by Natasha Raheel
KARACHI: “The trick is not to look back and keep your aim true,” said Razik Mushtaq. He had trouble believing that he had been chosen for national football camp in Lahore.
Razik’s dream to become a national footballer and represent the country made him persevere in the sport despite setbacks. Once a member of Azad Foundation’s Street Child World Cup squad, Razik felt exploited by the NGO later on.
“We did make some name in the Street Child World Cup 2014, we went to Brazil, but this is the real deal, at the national camp, actually playing proper football and not the amateur kind, this is much more difficult,” said Razik who has been playing for Sui Southern Gas Company for the last nine months.
He is looking to change the way he plays football and impress the new Pakistan Football Federation (PFF) head coach Brazil’s Jose Antonio Nogueira at the camp, who needs to make the best team for Asian Games and South Asian Football Federation Championship.
“This is the first time, I’m going to the national camp, all I ever wanted was to play football professionally, and this is just a start. In Mauripur every child wants to be a footballer, I was no different, but now my dream of representing Pakistan internationally seems attainable, it’s the best I’ve achieved so far,” said Razik.
Razik cannot believe that he will be playing among national stars like Saddam Hussain and Kaleemullah.
Razik will be joining the national camp which has 59 players on the list on May 24.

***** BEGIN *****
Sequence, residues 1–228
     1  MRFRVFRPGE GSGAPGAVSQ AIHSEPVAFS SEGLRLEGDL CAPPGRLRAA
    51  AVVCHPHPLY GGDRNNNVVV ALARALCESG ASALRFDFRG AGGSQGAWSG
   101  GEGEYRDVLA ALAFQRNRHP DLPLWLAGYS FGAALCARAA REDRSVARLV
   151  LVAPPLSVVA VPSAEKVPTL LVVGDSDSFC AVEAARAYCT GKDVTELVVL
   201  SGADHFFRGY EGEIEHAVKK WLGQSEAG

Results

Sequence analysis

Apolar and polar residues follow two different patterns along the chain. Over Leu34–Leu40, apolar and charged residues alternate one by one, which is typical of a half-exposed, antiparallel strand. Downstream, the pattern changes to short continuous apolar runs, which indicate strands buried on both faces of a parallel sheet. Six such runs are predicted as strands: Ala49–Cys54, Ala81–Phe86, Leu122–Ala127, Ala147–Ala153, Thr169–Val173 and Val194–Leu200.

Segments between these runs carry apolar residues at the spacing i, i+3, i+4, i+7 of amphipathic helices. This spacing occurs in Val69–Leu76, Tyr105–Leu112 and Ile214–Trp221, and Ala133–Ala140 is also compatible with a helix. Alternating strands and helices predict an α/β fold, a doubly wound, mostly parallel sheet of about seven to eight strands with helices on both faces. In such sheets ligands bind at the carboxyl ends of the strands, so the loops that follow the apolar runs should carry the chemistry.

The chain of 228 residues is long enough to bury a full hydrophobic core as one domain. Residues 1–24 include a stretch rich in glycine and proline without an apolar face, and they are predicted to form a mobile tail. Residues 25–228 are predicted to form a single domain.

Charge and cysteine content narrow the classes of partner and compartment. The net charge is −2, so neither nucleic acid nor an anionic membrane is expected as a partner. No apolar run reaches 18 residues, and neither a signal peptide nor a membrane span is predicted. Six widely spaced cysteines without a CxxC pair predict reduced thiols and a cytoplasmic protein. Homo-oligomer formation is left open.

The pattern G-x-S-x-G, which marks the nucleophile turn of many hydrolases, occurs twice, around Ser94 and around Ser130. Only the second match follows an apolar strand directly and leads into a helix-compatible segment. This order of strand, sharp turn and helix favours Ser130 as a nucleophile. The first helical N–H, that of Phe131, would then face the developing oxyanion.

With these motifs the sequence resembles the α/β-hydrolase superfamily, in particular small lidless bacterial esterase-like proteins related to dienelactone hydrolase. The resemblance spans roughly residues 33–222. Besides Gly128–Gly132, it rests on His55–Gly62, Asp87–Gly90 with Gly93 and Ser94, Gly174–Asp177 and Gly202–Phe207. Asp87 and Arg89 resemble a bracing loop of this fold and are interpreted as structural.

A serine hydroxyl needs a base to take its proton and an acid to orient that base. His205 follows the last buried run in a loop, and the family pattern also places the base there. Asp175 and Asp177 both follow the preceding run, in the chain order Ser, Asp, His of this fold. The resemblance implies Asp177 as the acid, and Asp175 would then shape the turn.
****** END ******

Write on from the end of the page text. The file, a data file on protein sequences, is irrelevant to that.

The 2014 Street Child World Cup squad were supported by Leisure Leagues who would pay them monthly income for being the ambassadors for the league.
Lauding Leisure Leagues, former coach for the team, Rashid Baloch said: “Razik, Aurangzeb, Sameer, our goalkeeper, we all were contacted by Leisure Leagues, and that helped, because at least we started to get some income, before that we were barely surviving.”
However, things seem to be taking a turn for the better; “But now it’s all coming together, while Razik has a chance to prove himself in the national camp, we are still waiting for better things to come our way.”
Both Baloch and Razik hope that the 2018 Street Child World Cup finalist team sent by Muslim Hands Pakistan, will receive better treatment than they did.
“We were the firsts to go to that tournament, and the Sindh government never fulfilled their promise of getting us a stadium and jobs, I went to one of the minsters myself, and I was told off, I hope the new team that reached final of the tournament get better treatment than that,” concluded Baloch.